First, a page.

I am very glad I have decided to go to St. Eustratios. First of all, I had a good fortune to buy a ticket for ferry and not to forget my Volts Lightning Cable in hotel this time. It turned out that there are only 4 ferry boats a week going to my destination. Secondly, the weather was pretty fine though the weather forecast predicted heavy rain. That’s why the voyage gave me such pleasure.
Also it was the first time I saw dolphins following the ship, that sight was stunning. Seagulls followed us too, waiting for offerings from the passengers. Thirdly, the trip took us only 5 hours that might be considered to be short – as sometimes ferry needs almost 11 hours to reach its destination. I think that depends on the route and the number of stops.
The island itself appeared to be smaller than I thought. I found out that the population of St. Eustratios barely reaches 400 people. You might not see a tourist here – though this place is really worth it.
If you are looking for old buildings, you should go to the ruins of an old town on the top of the Agios Minas hill. There are also a couple of old churches built in the middle of the 18th century. But that’s all that is left. The fact is that everything changed in the middle of the 20th century.
Previously you could find two- and three- floor traditional buildings on the hills surrounded by fruit and vegetable gardens. Unfortunately, there was a devastating earthquake in 1968 when almost all the buildings were destroyed. The government made people go down the hills and start living in identical houses. Those constructions left after the disaster serve either as an attraction or an administrative place (like the school from the beginning of the century made into Democracy museum).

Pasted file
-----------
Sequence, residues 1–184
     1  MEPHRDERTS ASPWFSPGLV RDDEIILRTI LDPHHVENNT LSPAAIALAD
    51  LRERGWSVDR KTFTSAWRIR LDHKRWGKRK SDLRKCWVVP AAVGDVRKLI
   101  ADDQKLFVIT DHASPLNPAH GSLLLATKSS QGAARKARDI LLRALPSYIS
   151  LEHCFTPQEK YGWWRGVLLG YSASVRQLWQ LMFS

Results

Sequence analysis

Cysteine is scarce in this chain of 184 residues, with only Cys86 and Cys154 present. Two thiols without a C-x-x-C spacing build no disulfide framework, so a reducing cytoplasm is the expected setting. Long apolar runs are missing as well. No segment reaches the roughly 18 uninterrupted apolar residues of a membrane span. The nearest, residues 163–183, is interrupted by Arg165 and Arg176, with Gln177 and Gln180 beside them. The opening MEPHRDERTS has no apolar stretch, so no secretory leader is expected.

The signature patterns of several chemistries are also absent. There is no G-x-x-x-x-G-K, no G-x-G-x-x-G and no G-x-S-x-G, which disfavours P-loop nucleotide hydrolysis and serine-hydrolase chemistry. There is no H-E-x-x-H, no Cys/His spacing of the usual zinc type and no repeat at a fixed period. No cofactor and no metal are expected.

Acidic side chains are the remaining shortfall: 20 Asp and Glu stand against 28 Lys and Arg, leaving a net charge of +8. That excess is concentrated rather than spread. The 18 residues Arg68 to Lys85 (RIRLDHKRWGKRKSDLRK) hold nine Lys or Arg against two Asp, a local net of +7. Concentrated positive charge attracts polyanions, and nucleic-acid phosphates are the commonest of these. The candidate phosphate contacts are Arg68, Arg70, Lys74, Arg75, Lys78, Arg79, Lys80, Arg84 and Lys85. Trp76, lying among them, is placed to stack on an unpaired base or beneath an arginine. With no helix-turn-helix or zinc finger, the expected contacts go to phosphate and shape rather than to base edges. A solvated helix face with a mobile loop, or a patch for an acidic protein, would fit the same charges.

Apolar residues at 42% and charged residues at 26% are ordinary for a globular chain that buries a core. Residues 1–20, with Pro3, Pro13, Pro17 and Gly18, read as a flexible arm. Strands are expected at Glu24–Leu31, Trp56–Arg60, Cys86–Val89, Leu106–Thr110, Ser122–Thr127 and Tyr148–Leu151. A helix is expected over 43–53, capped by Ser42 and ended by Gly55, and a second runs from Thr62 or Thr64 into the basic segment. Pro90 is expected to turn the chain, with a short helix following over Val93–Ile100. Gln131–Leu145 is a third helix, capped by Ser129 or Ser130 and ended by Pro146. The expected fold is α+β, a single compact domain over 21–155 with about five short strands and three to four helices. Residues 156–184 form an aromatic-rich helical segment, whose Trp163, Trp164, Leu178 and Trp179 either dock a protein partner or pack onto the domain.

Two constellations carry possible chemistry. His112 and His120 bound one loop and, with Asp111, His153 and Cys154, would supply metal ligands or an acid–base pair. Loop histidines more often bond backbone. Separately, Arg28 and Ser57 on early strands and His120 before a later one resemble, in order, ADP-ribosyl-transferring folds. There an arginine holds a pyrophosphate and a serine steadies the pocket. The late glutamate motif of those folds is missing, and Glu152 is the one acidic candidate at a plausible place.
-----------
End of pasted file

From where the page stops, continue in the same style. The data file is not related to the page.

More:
A local person who was on the ferry with me told that St. Eustratios is also famous for the unique caves. One of them has the historical and religious value. It served as an asylum for the saint ascetic Eustratios. In the second one, called Spilia tis Fotias, you can see very rare species of seals. They are even listed in the Red Book. But as for me, the third one should be the most exciting. The fact is that you can enter that cave from one side of the island and exit from the other. I can’t wait to get there and see the island “from the inside”.
By the way, though the population of the island is small, the holidays are celebrated widely here. The same man from ferry told me that the marriage is usually celebrated 5 days! Also people organize public religious festival to honor John the Baptist. At that day you can see the fair along all the street, take part in dancing and competitions.
By the way, it is impossible to find a hotel here! There is literally nothing on booking.com or airbnb. I was lucky to tell my problem in a bar so that one of the visitors invited me to his home!